Why do we play social games?

Industry experts have researched extensively into discovering the motivations of play. Nicole Lazzaro of XEO Design shows research suggesting that people playing the same game in the same room experienced more emotions that people playing the same games in different room.

“One reason that games on Facebook are so fun, she says “is that a lot of the games have the elements that create fun – and you can play them with your friends.”

Motivations of play are defined facets which may be mapped to various Personality types.  It is important to understand the basic motivations when designing games in order to cover as many personality types and to determine which game mechanics best fit.

Nicole Lazzaro defines 4 key fun factors:


A video interview is found here: Big Think Interview With Nicole Lazzaro

Nick Yee has also developed extensive research into the facets of motivations, particularly in MMORPGs(Massively Multiplayer Online Role-Playing Games).   As highly social environments, MMOs generally require teamwork and synergy to succeed.  Using surveys, he was able to define 10 facets of motivation:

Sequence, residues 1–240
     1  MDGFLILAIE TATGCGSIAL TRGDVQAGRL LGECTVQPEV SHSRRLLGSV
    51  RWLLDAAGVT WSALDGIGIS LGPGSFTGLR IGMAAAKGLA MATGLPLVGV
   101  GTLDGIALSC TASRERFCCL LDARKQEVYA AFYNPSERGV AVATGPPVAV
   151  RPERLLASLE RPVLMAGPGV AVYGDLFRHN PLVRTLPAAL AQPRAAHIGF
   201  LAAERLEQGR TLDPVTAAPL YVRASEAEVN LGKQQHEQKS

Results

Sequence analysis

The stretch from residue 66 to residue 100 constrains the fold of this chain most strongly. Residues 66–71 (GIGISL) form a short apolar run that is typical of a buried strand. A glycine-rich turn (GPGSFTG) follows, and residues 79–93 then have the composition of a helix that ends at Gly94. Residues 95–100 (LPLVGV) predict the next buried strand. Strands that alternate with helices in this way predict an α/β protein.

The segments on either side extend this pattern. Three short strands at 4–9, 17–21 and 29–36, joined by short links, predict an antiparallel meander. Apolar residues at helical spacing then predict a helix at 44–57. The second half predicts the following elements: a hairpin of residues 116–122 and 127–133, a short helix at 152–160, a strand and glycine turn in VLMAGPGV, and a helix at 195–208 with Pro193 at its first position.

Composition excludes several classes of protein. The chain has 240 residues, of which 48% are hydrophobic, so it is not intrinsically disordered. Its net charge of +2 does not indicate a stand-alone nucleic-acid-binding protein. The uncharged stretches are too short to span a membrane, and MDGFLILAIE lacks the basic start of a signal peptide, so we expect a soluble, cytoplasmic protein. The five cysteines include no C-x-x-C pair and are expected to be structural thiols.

Achievement Component:
Social Component:
Immersion Component:

Interesting to point out, Nick Yee’s research produced gender differences in motivational facets as well:

More on Nick Yee’s work can be found on his site.

Steven Reiss, a professor of Psychology at Ohio State University proposes a theory of 16 basic desires that guide nearly all human behavior:


Intrinsic Feeling

Acceptance: Desire for approval


Curiosity: Desire for knowledge


Eating: Desire for food


Family: Desire to raise own children


Honor: Desire to obey a traditional moral code, loyal to the traditional values of one’s clan/ethnic group


Idealism: Desire to improve society (including altruism, justice)


Independence: Desire for individuality, autonomy


Order: Desire to organize (including desire for ritual)


Physical Exercise: Desire to exercise muscles


Romance: Desire for sex (including courting)


Power: Desire to influence (including leadership, related to mastery)


Saving: Desire to collect


Social Contact: Desire for peer companionship, friends (and desire to play)


Status: Desire for social standing/importance (including desire for attention)


Tranquility: Desire for inner peace, safety (avoid anxiety, fear)

Safe, relaxed

Vengeance: Desire to get even (including desire to win)



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